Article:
David M. Scott: So what we learned in talking to a whole bunch of people is that passion is infectious. And that when you live a life with passion, when you celebrate the things that you love, number one, you have a more interesting life. But number two, the people around you want to be around you because that passion is infectious because you radiate that passion. And one of my favorite examples is Dr. John. [Rosh 00:00:25:03], he’s a dentist. He’s a dentist. And he’s a dentist in Southern California. And there’s so many other dentists in Southern California. But he’s passionate about skateboarding. On his Instagram, he’s got 13,000 followers because among other things, he posts images of him skateboarding. He’s the skateboarding dentist. And that’s incredibly powerful because when people are shopping for a dentist, they see that social media feed of him on Instagram and they’re like, “Yeah, that’s the guy I want working on my teeth. He’s a cool dude.”
David M. Scott: And unlike every other dentist who either isn’t showing what they’re doing or if they do, it’s just the before and after teeth shots. And so we learned that companies that employ people with passion do better. CEOs who hire for passion genuinely get better employees to work for them. And people who have passion live a better life. So that passion becomes infectious. And it in itself, the fact that, “Oh my God, I love to do this thing every day.” And you can get at this when you’re speaking with someone, even in a business environment, and you can ask questions like, “Hey, what do you love to do on the weekend?” And when you get someone talking about the thing they love about the passion that they love, there’s nothing better for a conversation opener. And then all of a sudden you remember, “Oh yeah, yeah, that’s the person who loves mountain bike.” I remember that. And that’s a really, really, really great way to build fans is to understand what people love and share that with them, even if you don’t share that yourself.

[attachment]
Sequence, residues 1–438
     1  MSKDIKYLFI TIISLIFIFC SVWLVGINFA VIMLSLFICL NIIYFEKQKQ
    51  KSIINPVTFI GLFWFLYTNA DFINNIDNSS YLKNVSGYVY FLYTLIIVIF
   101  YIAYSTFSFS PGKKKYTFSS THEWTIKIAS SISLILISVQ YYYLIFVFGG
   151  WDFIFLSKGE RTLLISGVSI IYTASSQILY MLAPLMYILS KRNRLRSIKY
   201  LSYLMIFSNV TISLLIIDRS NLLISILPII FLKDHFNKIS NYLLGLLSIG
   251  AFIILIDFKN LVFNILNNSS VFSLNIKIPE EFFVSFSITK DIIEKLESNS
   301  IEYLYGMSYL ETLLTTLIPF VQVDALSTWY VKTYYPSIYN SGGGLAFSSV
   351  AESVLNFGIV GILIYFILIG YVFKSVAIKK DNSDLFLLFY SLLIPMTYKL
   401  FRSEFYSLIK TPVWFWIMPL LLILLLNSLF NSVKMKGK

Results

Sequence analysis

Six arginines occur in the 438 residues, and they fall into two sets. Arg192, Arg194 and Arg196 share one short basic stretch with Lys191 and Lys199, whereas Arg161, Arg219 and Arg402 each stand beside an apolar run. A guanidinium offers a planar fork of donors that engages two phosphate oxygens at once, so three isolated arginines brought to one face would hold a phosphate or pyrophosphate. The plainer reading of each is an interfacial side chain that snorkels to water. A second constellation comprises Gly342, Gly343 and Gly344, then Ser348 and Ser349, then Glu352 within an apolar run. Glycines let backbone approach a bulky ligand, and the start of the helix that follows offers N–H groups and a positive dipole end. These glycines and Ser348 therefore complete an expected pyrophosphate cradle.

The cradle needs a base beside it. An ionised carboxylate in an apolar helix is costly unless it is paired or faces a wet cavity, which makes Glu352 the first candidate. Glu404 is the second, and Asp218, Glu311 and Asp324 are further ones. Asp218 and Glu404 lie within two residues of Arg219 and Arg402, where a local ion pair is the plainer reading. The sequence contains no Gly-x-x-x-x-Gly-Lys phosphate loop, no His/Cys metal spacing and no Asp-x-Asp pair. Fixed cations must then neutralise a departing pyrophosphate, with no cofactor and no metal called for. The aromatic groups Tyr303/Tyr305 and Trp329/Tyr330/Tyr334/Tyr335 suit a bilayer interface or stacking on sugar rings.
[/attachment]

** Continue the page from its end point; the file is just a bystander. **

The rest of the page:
John Jantsch: Visiting with my friend David Meerman Scott, author of Fanocracy. It’s going to be out in January of 2020, depending upon when you’re listening to this. David, tell people where they can find the book and find out more about you and your daughter’s work.
David M. Scott: Great, thanks, John. So the book is out in hardcover and ebook, and Reiko and I read the audio book, which is exciting if you’re an audio book person. We have a site at www.fanocracy.com. Bunch of free stuff on there that you can check out. On the socials, I am DMScott, D-M-S-C-O-T-T. So hit me up, particularly on Twitter, which is my go to social media of choice.
John Jantsch: Well thanks, David, for joining us, and hopefully we’ll run into you soon out there on the road.
David M. Scott: I hope so, John. We do get in contact at an event at least once a year or so. I don’t know which one will it be this year, but it’s always great to see your crazy sneakers live and in person. Because I know, John, you are a fan of crazy sneakers.
John Jantsch: I am a fan of a particular brand of Converse Chuck Taylors.
David M. Scott: Yeah, I know you are.
John Jantsch: Take care. Take care, my friend.
David M. Scott: Thanks, John.